- The clinic lets you know whether they’ve approved your application and whether they’ve matched you to a recipient — At this stage, you’ll also be informed of the next steps, your legal rights, how to self-administer your medications, and what you can and can’t do while you’re under medication (the most important thing to not do is have intercourse until three weeks after egg retrieval).
- You start medication. — First, you stop your menstrual cycle. In the third week, you self-inject with a drug to reduce sex hormones, then a drug to stimulate multiple follicles to produce eggs, and then a final injection of follicle-stimulating hormone so that you ovulate on a specific date.
- Eggs are retrieved from the donor. — On the date of your ovulation, your eggs are harvested while you’re under IV sedation. This step only takes 20 to 30 minutes.
- Go back to the clinic. — You’ll be having post-retrieval checkups at the clinic, including a sonogram and a psych evaluation.
If everything works out, there’s a big chance you might be invited back to another cycle (donate more eggs) in the future.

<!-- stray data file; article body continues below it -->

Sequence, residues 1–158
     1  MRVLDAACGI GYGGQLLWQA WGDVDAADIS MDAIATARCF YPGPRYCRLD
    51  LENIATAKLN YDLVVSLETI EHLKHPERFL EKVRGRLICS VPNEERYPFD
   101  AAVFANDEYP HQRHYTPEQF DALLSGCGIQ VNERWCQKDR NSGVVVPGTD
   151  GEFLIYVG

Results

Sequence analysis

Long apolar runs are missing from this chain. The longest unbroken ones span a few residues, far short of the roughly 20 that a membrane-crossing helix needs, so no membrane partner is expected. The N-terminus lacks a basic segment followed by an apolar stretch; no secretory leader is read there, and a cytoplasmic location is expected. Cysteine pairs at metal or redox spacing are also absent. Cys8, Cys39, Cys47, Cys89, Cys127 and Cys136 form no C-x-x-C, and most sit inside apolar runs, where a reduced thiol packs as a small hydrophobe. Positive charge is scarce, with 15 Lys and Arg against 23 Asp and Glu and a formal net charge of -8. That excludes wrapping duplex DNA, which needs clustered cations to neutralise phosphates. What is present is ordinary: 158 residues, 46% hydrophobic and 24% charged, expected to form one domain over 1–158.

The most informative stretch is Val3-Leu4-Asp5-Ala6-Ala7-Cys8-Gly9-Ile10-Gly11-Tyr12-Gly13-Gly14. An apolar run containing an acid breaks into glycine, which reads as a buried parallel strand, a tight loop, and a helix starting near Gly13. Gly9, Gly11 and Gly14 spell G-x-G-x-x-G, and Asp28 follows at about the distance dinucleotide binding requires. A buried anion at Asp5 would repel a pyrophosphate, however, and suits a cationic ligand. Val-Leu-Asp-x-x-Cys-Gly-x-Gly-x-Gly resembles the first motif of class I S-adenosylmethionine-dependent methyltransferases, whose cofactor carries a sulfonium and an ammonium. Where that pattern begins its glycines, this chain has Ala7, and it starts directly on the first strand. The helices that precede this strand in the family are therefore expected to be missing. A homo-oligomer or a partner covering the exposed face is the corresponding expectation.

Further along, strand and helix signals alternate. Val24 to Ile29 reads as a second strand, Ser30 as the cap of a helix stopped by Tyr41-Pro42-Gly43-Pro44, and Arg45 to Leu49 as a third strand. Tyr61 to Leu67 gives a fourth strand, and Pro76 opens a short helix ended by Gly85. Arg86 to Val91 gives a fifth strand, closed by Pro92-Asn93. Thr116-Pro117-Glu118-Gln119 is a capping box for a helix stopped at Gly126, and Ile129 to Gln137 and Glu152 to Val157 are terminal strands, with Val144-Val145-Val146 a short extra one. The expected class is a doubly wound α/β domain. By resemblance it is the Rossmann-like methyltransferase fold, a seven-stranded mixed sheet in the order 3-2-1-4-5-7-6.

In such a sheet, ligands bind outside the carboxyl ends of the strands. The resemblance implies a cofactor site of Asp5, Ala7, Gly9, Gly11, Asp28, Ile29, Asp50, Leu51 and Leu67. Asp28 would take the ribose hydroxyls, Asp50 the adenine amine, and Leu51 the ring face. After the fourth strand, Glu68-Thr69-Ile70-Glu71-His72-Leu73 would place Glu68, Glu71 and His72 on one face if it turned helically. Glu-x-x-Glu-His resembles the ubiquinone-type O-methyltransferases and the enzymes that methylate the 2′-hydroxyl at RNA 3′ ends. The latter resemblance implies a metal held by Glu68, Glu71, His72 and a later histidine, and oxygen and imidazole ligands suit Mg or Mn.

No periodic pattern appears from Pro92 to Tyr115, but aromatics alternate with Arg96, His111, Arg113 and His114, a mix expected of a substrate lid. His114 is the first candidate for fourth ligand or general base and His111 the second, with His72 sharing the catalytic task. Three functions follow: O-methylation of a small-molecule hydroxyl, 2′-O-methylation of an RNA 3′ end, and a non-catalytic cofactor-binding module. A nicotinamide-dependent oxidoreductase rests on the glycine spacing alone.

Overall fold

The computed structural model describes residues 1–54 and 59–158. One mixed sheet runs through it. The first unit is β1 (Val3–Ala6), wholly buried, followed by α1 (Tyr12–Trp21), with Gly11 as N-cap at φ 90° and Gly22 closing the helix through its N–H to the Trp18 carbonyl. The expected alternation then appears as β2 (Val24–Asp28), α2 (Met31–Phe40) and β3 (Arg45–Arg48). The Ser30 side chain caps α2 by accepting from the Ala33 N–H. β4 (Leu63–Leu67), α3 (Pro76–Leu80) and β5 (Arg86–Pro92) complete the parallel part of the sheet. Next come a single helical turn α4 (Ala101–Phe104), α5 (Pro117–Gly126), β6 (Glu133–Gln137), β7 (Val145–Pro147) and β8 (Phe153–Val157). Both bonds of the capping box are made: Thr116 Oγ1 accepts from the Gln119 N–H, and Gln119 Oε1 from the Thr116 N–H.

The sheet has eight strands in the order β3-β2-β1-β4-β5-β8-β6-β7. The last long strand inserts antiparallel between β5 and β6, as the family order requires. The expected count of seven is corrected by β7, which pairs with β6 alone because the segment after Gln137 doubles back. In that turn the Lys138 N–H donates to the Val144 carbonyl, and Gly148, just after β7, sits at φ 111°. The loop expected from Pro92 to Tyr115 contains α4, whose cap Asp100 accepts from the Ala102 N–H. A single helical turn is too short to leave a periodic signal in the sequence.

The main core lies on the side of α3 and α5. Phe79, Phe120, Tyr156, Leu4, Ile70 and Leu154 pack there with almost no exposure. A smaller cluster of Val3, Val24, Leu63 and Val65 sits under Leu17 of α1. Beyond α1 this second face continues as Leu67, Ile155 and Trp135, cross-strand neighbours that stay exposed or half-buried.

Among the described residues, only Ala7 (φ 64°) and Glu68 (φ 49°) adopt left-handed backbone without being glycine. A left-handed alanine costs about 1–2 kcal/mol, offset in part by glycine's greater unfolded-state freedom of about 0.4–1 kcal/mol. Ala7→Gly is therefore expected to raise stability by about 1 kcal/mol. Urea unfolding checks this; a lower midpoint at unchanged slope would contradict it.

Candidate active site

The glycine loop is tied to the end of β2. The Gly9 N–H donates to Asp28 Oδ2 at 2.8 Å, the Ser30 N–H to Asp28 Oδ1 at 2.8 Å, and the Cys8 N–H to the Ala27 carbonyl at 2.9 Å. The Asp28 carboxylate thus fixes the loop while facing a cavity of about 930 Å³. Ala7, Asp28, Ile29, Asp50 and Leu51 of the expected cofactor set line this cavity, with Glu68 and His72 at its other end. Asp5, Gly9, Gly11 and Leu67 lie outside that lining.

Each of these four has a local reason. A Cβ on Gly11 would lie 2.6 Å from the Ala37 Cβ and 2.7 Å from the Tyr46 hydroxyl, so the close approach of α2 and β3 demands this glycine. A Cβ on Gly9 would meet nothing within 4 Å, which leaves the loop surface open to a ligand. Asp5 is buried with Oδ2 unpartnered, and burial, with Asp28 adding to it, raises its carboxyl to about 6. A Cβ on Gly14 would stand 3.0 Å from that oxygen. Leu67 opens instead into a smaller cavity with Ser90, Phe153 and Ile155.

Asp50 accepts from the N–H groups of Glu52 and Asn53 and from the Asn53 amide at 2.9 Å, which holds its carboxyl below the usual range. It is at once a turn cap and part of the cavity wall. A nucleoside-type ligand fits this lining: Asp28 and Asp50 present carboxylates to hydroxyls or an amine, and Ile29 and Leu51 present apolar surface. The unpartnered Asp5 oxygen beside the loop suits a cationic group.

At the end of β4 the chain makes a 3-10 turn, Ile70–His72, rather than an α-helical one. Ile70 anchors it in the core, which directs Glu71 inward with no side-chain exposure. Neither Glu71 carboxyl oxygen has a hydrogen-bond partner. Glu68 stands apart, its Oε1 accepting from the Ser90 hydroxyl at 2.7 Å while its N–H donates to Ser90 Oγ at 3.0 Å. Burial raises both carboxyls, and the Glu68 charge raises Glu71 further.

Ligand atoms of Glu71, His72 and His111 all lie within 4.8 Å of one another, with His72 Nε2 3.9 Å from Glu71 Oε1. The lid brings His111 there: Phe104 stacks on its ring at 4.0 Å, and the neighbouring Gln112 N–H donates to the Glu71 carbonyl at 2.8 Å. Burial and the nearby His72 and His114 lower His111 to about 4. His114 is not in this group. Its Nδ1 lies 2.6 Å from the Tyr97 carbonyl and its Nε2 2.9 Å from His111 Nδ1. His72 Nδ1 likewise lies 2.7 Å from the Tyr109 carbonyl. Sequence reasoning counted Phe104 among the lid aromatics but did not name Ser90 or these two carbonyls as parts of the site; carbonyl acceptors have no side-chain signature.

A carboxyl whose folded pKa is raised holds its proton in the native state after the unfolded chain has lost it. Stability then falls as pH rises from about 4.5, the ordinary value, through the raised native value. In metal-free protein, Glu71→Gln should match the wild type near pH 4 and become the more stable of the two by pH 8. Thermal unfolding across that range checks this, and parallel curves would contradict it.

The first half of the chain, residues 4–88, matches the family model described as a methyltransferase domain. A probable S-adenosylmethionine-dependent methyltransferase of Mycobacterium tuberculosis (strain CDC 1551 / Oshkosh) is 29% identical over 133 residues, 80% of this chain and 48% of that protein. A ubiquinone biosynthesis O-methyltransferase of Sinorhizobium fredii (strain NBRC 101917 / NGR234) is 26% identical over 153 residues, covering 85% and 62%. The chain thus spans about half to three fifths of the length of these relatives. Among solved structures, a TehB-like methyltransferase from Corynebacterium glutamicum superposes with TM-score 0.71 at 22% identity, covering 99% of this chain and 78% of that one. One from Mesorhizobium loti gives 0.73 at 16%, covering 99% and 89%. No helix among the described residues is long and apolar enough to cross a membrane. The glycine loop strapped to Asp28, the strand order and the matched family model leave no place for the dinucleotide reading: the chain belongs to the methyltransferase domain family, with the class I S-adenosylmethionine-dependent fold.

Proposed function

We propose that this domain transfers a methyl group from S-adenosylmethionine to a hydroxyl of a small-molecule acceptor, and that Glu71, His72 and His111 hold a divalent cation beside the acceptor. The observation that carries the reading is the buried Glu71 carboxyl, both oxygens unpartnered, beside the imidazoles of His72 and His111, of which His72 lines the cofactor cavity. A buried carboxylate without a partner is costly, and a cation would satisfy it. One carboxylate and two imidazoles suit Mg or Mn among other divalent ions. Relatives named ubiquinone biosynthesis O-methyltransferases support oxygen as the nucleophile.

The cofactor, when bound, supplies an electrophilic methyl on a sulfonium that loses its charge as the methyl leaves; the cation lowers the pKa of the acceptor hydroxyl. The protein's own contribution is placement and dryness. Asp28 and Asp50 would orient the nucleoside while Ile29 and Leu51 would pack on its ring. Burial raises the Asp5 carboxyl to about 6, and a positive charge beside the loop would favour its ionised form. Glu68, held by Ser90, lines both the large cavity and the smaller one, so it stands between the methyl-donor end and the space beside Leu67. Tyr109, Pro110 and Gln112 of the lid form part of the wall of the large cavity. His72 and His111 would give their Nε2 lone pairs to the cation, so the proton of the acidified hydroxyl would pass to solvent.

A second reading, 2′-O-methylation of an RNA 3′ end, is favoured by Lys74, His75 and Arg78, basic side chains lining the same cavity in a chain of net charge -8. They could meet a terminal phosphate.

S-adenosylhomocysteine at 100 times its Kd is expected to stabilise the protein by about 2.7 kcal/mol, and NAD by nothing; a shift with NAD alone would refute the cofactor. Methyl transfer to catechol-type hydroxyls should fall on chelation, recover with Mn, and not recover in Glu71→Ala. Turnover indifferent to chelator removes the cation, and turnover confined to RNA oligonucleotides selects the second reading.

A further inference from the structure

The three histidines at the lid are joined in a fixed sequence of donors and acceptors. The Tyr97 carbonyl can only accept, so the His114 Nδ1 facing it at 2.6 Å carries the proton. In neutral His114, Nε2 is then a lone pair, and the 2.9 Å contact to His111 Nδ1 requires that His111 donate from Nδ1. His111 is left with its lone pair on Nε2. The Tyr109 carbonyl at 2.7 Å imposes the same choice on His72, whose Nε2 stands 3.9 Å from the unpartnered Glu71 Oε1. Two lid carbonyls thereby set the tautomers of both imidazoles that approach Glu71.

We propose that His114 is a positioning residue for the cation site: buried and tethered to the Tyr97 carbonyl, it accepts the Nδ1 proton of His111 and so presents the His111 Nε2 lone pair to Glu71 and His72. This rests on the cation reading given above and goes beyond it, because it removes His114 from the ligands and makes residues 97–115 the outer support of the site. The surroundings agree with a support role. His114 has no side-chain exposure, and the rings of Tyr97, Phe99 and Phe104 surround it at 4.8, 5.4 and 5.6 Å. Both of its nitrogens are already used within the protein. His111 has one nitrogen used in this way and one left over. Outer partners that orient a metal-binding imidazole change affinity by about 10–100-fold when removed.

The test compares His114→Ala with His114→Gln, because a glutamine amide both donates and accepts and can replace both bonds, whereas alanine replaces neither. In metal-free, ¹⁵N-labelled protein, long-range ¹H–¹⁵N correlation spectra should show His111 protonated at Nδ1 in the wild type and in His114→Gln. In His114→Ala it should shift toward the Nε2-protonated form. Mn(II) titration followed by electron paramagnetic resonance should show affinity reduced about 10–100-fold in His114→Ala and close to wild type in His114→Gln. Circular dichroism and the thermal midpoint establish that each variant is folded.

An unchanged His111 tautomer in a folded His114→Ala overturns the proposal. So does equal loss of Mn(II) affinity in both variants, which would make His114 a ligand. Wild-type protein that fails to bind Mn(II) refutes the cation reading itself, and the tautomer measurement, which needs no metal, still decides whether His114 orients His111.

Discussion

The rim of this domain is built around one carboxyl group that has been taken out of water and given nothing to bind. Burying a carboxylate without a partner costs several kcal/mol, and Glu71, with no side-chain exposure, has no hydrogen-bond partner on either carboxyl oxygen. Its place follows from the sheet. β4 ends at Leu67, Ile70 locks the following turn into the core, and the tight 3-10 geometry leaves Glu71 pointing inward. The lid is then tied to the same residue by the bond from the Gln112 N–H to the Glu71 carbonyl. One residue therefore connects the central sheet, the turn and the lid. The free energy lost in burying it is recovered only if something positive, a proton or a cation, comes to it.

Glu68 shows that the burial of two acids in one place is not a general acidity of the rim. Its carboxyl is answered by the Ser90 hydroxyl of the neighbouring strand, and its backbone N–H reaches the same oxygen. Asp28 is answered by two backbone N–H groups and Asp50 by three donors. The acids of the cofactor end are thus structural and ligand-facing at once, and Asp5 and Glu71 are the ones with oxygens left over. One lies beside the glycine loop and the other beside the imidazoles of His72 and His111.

What Happens to the Eggs You Sell?
Once the eggs have been harvested from your ovaries, there are a number of possible things that can happen to them.
- Embryos may not be formed. It could be a problem with the sperm, the storage conditions, or the eggs themselves. These unfertilized eggs can be used for research or discarded as medical waste.
- Pregnancy may occur but may end in a miscarriage.
- Multiple embryos may develop and the recipient may have two or more fetuses implanted in them. Multiple pregnancies are at a higher risk of various complications, but having multiples can make it likely that at least one of them will complete their term.
- Embryos may be frozen for future use. It’s possible that an embryo of yours can end up in a recipient and born months or years from when you sold your eggs.
- Embryos may go to more than one recipient.
- Frozen embryos may end up unimplanted; the clinic may ask permission from the intended recipient to donate them to another recipient, donate them to research, leave them frozen indefinitely, or allow them to be destroyed as medical waste.